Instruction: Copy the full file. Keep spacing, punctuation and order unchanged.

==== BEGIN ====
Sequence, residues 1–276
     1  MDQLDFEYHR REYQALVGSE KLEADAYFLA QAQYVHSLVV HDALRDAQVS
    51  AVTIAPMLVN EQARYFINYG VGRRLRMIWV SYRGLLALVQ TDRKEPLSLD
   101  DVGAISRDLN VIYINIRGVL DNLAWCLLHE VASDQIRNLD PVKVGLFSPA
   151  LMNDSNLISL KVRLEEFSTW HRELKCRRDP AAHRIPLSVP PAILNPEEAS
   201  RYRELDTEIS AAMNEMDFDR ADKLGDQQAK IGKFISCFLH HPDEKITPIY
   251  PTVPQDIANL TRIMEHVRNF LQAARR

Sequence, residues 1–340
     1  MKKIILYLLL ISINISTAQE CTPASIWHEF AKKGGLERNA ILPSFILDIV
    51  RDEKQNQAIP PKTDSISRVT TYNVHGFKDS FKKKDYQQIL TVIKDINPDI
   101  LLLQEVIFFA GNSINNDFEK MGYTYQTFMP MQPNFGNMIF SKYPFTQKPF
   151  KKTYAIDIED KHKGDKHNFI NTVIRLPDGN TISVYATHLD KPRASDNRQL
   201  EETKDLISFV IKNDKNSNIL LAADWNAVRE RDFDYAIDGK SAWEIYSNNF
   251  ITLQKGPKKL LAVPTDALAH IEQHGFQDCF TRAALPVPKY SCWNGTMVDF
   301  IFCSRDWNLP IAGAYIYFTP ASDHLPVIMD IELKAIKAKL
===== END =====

Sequence, residues 1–276
     1  MDQLDFEYHR REYQALVGSE KLEADAYFLA QAQYVHSLVV HDALRDAQVS
    51  AVTIAPMLVN EQARYFINYG VGRRLRMIWV SYRGLLALVQ TDRKEPLSLD
   101  DVGAISRDLN VIYINIRGVL DNLAWCLLHE VASDQIRNLD PVKVGLFSPA
   151  LMNDSNLISL KVRLEEFSTW HRELKCRRDP AAHRIPLSVP PAILNPEEAS
   201  RYRELDTEIS AAMNEMDFDR ADKLGDQQAK IGKFISCFLH HPDEKITPIY
   251  PTVPQDIANL TRIMEHVRNF LQAARR

Sequence, residues 1–340
     1  MKKIILYLLL ISINISTAQE CTPASIWHEF AKKGGLERNA ILPSFILDIV
    51  RDEKQNQAIP PKTDSISRVT TYNVHGFKDS FKKKDYQQIL TVIKDINPDI
   101  LLLQEVIFFA GNSINNDFEK MGYTYQTFMP MQPNFGNMIF SKYPFTQKPF
   151  KKTYAIDIED KHKGDKHNFI NTVIRLPDGN TISVYATHLD KPRASDNRQL
   201  EETKDLISFV IKNDKNSNIL LAADWNAVRE RDFDYAIDGK SAWEIYSNNF
   251  ITLQKGPKKL LAVPTDALAH IEQHGFQDCF TRAALPVPKY SCWNGTMVDF
   301  IFCSRDWNLP IAGAYIYFTP ASDHLPVIMD IELKAIKAKL